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Radio Killed the Drop-Down. (So Why Aren’t More People Doing This?)


I love unscrambling data and passing on my insight. That’s why I took an in-depth look at the UK home insurance market’s UX. I analysed 33 quotation forms from the industry’s leading providers to establish the similarities and differences in form design and process.

One of the most interesting findings was that radio buttons are an average of 0.8 seconds quicker to complete than drop-downs. With customers seeking speed and ease of form completion, why aren’t all businesses doing more to replace more drop-down lists with radio buttons?

What Are Drop-Downs and Radio Buttons?

A drop-down list consists of a box, with a clickable arrow that drops down to reveal a list of responses. Answers are often listed alphabetically or, for numbers, from small to large, so users can quickly scroll to the right response. The way you interact with the field is different on a mobile device as the drop down appears at the base of the screen.

Source: Stack Overflow

As per the image below, radio buttons are round circles that provide a user with two or more options to select from. On a mobile device they appear almost exactly as they do on a non-mobile device, and the user can interact with them on the page.

Source: Stack Overflow

Named after the physical buttons used to select preset stations on old radios, when one button was selected another would pop out. Online radio buttons replicate this functionality by allowing users to select a single option only.

The Similarities and Differences

While they may look different, drop-down and radio buttons are both used to select a singular response from a list, such as a title. Both options provide a similar selection of titles to choose from and users select a single response, for example either Mr., Mrs., Ms., or Miss.

However, our research found that radio buttons are, on average, 0.8 seconds quicker to complete.

I also discovered that UK home insurance forms contain an average of 15.3 drop-down fields in comparison to 24.7 radio buttons. It seems that this industry has moved firmly towards using radio buttons, so why aren’t more businesses doing the same?

Drop-Down Dead

Saving customers’ time is important, but there are other reasons I recommend using radio buttons over drop-downs.

They Help Users Make the Right Choice

Presenting customers with a range of options and helping them quickly make the right choice, while maintaining data integrity, can be achieved with radio buttons. Take the example below where customers are asked to choose between cupcakes. Clearly, the tick-box list on the left is harder to use than the radio buttons on the right. This selection method allows images to be combined with radio buttons to support the user’s selection process while increasing product desirability.

Source: Formstack

That said, there are times when drop-downs should be used, for example when the list of options is significant (over five). In this example a list of US states is shown using radio buttons, in alphabetical order, but it takes up a significant amount of space on the page and gives a cluttered feel.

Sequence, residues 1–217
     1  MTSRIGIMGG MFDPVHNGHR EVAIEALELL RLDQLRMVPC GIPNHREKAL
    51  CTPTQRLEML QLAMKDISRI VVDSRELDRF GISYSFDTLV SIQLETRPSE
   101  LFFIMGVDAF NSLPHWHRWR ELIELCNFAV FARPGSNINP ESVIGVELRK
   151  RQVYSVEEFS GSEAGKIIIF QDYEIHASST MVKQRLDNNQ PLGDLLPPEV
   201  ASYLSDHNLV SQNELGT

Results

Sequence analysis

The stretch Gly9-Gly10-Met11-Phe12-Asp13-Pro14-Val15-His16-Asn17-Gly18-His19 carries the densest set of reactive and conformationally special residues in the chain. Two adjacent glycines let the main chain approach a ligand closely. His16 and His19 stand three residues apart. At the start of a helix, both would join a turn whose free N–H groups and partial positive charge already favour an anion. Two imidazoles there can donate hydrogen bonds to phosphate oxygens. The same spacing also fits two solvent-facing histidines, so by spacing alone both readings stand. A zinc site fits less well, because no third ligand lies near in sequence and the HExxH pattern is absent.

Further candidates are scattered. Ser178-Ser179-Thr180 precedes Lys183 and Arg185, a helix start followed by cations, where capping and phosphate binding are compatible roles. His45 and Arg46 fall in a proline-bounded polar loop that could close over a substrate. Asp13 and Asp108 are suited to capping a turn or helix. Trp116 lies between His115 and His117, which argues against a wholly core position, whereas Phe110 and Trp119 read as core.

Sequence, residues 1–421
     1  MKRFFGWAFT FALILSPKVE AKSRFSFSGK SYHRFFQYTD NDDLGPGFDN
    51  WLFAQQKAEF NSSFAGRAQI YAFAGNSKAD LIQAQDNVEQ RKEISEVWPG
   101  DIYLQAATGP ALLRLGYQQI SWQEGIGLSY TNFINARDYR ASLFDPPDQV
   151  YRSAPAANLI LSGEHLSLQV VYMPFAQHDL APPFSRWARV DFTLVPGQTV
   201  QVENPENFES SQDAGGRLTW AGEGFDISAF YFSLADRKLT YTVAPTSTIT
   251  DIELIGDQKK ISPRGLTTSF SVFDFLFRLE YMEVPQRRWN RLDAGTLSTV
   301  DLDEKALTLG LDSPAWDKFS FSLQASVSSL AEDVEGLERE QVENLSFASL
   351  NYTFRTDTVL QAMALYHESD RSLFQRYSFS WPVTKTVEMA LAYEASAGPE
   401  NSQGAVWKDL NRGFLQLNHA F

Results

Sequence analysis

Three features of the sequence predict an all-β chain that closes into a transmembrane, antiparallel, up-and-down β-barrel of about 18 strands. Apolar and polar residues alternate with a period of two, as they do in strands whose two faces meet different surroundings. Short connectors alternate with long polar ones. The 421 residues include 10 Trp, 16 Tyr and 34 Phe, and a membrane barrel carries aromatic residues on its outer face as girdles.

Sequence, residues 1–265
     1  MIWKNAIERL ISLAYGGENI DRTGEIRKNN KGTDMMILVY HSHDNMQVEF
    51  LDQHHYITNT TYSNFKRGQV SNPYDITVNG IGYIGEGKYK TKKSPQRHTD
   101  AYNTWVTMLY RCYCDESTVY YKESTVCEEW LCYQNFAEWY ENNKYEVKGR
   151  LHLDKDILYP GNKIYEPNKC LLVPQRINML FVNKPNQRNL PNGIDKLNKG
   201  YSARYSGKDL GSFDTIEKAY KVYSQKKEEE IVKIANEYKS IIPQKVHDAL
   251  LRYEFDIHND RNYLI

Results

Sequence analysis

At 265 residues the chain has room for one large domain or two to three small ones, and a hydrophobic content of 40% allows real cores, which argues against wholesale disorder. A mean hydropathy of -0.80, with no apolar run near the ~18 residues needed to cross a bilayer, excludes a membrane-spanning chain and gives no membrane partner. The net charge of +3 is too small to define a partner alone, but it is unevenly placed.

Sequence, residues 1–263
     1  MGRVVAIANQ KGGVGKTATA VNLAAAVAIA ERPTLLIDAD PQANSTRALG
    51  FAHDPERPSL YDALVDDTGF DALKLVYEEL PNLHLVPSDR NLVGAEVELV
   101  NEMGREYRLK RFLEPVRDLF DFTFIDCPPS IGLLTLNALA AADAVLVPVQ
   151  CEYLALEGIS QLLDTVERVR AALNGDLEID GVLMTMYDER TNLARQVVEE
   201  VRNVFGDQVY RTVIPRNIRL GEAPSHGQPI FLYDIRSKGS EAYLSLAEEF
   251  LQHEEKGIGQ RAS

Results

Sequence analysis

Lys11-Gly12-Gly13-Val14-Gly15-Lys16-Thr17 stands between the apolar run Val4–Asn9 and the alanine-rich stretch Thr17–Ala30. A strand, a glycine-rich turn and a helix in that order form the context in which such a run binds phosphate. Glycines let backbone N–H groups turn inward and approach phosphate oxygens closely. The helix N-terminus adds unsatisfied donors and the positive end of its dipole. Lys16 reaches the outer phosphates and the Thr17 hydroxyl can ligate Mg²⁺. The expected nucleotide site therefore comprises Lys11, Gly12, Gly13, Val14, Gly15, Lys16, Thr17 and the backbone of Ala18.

Source: Formstack

In this instance, drop-downs offer a better option. Paul Rouke, Founder and CEO of conversion optimisation agency, PRWD, points out that,

“When you only have a small number of mutually exclusive options for users to choose from, presenting all options without any need for interaction through the use of radio buttons can work really well. The more options users have to choose from, the more overwhelming it can be if you continued using radio buttons instead of a dropdown.

Dropdowns can be optimised, typically by showing the most popular options first, followed by a line break and then the rest of the options. Country selectors are a prime opportunity for speeding up users’ pathways to choosing their required option.”

While there are sometimes steps that can be taken to improve the use of drop-downs, users are still required to click to access the answers and then click again to select their choice. Rouke goes on to say that, “anything that reduces the requirements for users when completing forms, both mentally and physically, should be a primary focus when looking to optimise form completion rates.” Clearly, radio buttons, that only require a single click, win hands down.

Less Choice and More Space? Use Radio Buttons

Another area of strength for radio buttons is how scan-able they are. When space isn’t an issue, and the number of options is small, I recommend using radio buttons with options listed horizontally across the page to maximise space-saving.

Responses should be set out with the most-frequently selected responses on the left, as in the example below. This allows users to scan the answers and will prevent some from having to read more than one or two because their answer is one of the first options. Ideally, most customers will scan options one and two, click and move on.

Source: Formstack

Radio buttons also give you the added benefit of being able to include ‘other’ as an option with a text box to gather additional information if required; not something that drop-downs can deliver as easily.

Iterative Changes

Jason Nielson at the Nielsen Norman Group says that a form designer’s job “is to provide the features users need in a transparent interface that gets out of the way and lets users focus on the task at hand.” To achieve this, organisations should identify which fields can be changed to radio buttons without inconveniencing either users or the business. While this may require some questions and answers to be re-worded, the reduced cognitive and physical loads will improve completion rates.